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FPP involved in two new care coordination demonstration projects

Mike Bonazzola, MDStarting this fall, the OHSU Faculty Practice Plan (FPP) will begin two pilot care coordination delivery model programs. The first project is a partnership between the faculty and staff of the departments of Family Medicine and Medicine with the Health Leadership Task Force – a consortium of Oregon businesses and health plans.

Called the “High Value Patient Centered Care Model,” patients will be invited by their health plans to enroll in the two-year demonstration project. The enrolled patients will receive the same services and see the same physicians as before; however, these patients will also be assigned to work with a dedicated RN care coordinator on a comprehensive plan for maintaining their health. A crucial difference from previous insurance company-led efforts is that the care coordinator will be a member of the primary care team and located in the clinic.

"Care coordination is a particular challenge for people with complex chronic conditions who receive care from multiple specialists and providers," said Mark Richardson, MD, MBA, Dean, School of Medicine and President, FPP. "Evolving types of delivery models have the potential to improve patient outcomes and lower costs."

While the prevailing practice of public and private health plans has been to reward interventions – not prevention or outcomes – this care coordination model may provide data on the effectiveness of alternative care models on patient outcomes and on future payment reform. An independent third party evaluator will report on the results at the one- and two-year marks by comparing the outcomes and costs with a non-participating control patient group. In addition to receiving a flat per-person payment, the FPP will share in the health care cost savings, if any, after a two-year period.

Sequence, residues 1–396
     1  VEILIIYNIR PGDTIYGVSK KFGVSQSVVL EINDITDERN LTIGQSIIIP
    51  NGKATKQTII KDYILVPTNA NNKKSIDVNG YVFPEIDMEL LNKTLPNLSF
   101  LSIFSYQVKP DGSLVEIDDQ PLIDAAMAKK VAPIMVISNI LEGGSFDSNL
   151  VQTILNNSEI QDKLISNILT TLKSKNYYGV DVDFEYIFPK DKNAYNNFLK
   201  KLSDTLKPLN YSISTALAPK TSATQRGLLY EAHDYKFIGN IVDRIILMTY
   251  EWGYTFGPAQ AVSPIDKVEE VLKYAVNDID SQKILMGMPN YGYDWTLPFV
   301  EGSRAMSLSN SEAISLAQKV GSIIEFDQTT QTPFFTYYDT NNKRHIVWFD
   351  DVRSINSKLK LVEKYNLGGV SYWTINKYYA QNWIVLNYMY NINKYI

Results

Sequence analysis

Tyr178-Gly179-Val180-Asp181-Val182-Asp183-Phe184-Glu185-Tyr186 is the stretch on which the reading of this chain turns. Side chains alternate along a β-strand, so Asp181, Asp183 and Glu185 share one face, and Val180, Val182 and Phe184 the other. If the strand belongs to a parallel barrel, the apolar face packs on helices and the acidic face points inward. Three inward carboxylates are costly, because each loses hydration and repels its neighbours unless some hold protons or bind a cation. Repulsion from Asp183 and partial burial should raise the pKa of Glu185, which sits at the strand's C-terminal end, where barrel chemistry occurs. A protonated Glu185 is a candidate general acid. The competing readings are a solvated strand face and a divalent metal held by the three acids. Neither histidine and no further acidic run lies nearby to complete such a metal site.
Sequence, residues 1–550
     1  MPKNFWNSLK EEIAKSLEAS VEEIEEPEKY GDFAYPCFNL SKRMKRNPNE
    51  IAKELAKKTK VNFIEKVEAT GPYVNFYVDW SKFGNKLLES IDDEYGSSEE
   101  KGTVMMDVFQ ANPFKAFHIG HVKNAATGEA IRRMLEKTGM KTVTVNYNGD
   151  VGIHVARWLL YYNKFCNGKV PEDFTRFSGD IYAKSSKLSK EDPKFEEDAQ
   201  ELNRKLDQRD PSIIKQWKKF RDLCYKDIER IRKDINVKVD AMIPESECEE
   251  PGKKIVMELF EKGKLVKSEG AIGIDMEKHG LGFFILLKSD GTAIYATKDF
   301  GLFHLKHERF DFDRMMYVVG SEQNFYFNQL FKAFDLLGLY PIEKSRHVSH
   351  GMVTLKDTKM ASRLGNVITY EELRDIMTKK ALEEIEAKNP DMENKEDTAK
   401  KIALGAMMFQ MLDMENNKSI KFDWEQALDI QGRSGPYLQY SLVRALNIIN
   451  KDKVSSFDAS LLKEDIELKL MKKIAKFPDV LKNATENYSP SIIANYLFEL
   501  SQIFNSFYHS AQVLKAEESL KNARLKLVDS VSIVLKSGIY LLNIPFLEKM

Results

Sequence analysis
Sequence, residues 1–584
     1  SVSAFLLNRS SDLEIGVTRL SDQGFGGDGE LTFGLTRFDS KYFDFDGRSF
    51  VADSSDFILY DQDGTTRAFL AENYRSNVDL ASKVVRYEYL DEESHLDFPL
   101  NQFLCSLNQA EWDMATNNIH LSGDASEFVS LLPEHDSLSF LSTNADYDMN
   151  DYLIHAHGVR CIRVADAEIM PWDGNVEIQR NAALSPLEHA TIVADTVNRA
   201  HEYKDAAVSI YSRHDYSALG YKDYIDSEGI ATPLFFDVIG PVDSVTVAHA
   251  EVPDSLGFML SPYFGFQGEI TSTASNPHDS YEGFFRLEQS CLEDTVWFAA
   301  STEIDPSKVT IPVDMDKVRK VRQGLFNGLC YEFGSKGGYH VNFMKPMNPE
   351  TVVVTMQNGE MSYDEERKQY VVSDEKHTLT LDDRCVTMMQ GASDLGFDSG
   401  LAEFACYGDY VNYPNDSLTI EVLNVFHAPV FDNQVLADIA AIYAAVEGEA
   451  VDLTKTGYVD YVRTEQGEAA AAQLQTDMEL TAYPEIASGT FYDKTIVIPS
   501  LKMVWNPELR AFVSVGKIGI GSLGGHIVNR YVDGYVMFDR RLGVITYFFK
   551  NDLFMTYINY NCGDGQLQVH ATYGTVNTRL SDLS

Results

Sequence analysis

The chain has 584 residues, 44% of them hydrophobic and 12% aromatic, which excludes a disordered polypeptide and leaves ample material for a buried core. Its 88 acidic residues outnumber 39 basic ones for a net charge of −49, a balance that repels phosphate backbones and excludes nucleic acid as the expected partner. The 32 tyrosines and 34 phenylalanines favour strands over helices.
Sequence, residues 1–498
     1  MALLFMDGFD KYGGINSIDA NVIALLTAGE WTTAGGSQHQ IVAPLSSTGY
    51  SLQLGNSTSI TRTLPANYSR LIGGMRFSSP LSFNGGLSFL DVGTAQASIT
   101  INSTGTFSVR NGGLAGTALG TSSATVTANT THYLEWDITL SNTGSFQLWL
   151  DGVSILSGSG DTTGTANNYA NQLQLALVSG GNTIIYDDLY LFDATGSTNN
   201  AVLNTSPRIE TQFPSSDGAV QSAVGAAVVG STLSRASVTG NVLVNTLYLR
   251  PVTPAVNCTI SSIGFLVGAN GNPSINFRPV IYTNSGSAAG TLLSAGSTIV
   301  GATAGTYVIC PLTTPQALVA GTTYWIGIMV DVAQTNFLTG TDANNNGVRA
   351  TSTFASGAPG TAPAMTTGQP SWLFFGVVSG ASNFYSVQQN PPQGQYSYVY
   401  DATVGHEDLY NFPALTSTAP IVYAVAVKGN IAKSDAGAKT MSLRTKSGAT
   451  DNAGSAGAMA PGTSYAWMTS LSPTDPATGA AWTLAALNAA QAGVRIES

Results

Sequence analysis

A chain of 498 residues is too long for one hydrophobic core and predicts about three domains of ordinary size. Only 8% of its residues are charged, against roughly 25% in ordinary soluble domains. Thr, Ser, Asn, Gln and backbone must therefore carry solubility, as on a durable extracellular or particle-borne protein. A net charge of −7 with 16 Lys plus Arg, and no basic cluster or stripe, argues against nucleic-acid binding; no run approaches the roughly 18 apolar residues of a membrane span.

The second project is for OHSU employees who receive their health care through either the OHSU PPO or 250 health plans. This initiative has as its focus employees whose complex chronic conditions require a high degree of health care and who will most immediately benefit from a coordinated health care plan. The program will also be evaluated at both the one- and two-year marks.

"Both initiatives will enhance our care of patients. Care coordination is a key method to improve the outcome of our care, while improving the patient experience," said Scott Fields, MD, MHA, Professor and Vice-Chair, Department of Family Medicine.

The employee program is modeled on the Care Management Plus (CMP) program which was, in part, developed by David Dorr, MD, Assistant Professor, Department of Medical Informatics & Clinical Epidemiology. Dr. Dorr was part of a team that conducted a CMP study between 2002 and 2005 at 13 primary care clinics in Utah. The study found that there were significant health benefits and fewer hospitalizations with increased care coordination. Development of the CMP model was supported in part by the John A. Hartford Foundation.

For both projects, using an electronic health record to track a patient’s care is an essential tool of the model.

Pictured: Mike Bonazzola, MD, FPP Chief Medical Officer and Assistant Professor, Department of Medicine, is a faculty leader on these initiatives. 

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